As President Bill Clinton prepares to meet with newly elected Russian President Vladimir Putin in Moscow on June 4, questions remain about Putin's principles and commitment to lead Russia into the new century. Putin's public statements since being personally selected by the ailing Boris Yeltsin to fill the post of Prime Minister and then to serve as Acting President appear at odds with his actions, such as intimidating the media, crushing the resistance in Chechnya, and reviving centralized control over Russia's regions. Putin's decisions offer a clearer picture of his objectives and indicate that America is unlikely to see significant changes either in Russian efforts to reform or in U.S.-Russia relations in the future.
To date, Putin's actions, including a secret police raid on the headquarters of the opposition Media-MOST news conglomerate, the kidnapping of a Radio Liberty journalist, and his tightening of control in the regions, suggest grave threats to the rule of law in Russia. At the same time, Putin's government looks much like that of his predecessor. At least for the short term, Putin's appointments suggest that he will continue to be strongly influenced by forces and personalities that influenced Yeltsin at the end of his term.
The Kremlin today is largely controlled by representatives of what many call the Yeltsin "family," a tightly knit group of aides and businessmen who work side-by-side with former KGB officers, many of them close to Putin. Yeltsin's Chief of Staff, Alexander Voloshin, was re-appointed and has tremendous power. This long-time associate of two key members of the "family," businessmen Boris Berezovsky and Roman Abramovich, has two KGB veterans as his deputy chiefs of staff.
The new Prime Minister under Putin is Mikhail Kasyanov. Despite his relative youth (42), fluent English, and designer-label suits, he is an associate of the Yeltsin "family" whose economic background consists of a position at GOSPLAN, the Soviet agency responsible for central economic planning, and a career in foreign debt management in the Russian Ministry of Finance. Kasyanov has publicly derided the broad program of market-driven changes proposed by economists who advise Putin and has promised the communists in the Duma that he will not implement land reform.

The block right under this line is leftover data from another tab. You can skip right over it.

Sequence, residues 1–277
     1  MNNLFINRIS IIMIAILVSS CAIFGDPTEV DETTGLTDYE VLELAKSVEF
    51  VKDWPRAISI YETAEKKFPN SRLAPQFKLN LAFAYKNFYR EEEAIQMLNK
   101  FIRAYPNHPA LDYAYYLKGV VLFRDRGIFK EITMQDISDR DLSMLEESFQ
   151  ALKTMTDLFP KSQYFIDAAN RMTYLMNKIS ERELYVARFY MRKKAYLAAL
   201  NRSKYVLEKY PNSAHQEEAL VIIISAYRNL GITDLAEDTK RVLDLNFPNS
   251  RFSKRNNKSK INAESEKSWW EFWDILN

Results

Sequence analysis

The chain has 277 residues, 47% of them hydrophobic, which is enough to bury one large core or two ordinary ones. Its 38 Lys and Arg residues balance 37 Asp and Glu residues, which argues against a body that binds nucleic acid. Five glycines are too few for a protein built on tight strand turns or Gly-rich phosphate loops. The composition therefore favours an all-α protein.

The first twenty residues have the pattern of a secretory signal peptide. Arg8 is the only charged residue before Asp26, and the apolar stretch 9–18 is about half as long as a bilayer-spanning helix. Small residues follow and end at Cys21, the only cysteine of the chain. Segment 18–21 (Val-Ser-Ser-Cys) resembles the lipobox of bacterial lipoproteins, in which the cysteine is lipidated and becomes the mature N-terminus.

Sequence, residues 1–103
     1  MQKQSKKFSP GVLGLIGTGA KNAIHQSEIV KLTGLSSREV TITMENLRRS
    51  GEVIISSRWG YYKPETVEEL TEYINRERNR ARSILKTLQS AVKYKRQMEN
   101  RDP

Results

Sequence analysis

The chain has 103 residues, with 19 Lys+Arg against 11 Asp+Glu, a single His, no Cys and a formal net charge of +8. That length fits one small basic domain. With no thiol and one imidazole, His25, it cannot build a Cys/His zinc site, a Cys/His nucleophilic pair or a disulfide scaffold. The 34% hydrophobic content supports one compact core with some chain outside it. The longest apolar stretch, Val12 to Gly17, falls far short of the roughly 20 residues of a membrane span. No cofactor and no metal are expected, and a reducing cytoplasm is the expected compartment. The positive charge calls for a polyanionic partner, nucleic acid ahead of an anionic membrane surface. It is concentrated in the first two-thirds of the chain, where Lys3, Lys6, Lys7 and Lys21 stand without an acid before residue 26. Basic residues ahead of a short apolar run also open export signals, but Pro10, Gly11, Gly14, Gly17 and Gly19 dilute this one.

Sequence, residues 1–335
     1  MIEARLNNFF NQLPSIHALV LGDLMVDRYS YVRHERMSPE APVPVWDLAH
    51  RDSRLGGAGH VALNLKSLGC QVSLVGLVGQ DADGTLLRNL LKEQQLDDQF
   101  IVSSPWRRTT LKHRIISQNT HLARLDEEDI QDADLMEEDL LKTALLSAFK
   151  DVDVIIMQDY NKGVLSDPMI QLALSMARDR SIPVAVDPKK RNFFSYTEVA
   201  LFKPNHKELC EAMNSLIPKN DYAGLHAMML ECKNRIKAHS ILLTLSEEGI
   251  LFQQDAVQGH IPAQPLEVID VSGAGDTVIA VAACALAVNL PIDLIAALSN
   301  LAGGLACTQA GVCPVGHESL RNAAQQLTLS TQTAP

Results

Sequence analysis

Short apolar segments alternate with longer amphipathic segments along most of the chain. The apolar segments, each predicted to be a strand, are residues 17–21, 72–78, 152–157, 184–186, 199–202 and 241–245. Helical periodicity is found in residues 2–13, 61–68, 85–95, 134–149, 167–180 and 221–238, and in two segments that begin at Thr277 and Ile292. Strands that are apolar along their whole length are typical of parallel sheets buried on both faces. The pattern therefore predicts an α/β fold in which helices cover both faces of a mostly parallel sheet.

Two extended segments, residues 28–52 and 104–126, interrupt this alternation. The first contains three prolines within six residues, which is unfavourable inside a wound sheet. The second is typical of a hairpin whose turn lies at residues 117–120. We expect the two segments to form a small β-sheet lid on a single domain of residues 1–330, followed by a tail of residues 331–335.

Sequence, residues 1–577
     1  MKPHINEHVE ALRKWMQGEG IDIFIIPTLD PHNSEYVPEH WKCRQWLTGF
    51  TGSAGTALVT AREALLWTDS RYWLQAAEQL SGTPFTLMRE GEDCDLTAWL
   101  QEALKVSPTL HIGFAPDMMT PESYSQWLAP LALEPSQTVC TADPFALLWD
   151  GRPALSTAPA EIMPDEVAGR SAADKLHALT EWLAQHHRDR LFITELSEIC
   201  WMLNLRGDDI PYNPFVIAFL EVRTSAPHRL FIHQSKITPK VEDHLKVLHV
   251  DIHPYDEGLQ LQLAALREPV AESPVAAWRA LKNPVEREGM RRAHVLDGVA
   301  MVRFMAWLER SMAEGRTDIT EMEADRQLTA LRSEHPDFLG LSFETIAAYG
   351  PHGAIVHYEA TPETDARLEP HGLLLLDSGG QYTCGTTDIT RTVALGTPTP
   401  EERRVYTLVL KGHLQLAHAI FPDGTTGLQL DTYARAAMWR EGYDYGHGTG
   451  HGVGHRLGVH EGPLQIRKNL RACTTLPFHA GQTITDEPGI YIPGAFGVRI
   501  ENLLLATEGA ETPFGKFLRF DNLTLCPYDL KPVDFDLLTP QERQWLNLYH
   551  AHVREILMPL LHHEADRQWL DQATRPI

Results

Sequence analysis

Kasyanov's appointment highlights a rift in Putin's cabinet on economic issues. One side, the "Moscow faction," includes Yeltsin holdovers, primarily Berezovsky-Abramovich appointees, who favor pursuing reforms slowly if at all. On the other side, members of the "St. Petersburg faction" influenced by Yeltsin's former senior minister Anatoly Chubais have a reputation as "liberal reformers" who advocate policies that are theoretically closer to Western market models. This faction includes Deputy Prime Minister and Minister of Finance Alexei Kudrin; national economy and trade minister German Gref, a personal friend of Putin; and a number of other ministers close to Putin.
The so-called power ministers--the national security and law enforcement officials Putin retained from the Yeltsin government--are not likely to launch a much-anticipated and much-needed fight against crime and corruption. They are likely, however, to continue to oppose the United States on missile defense issues.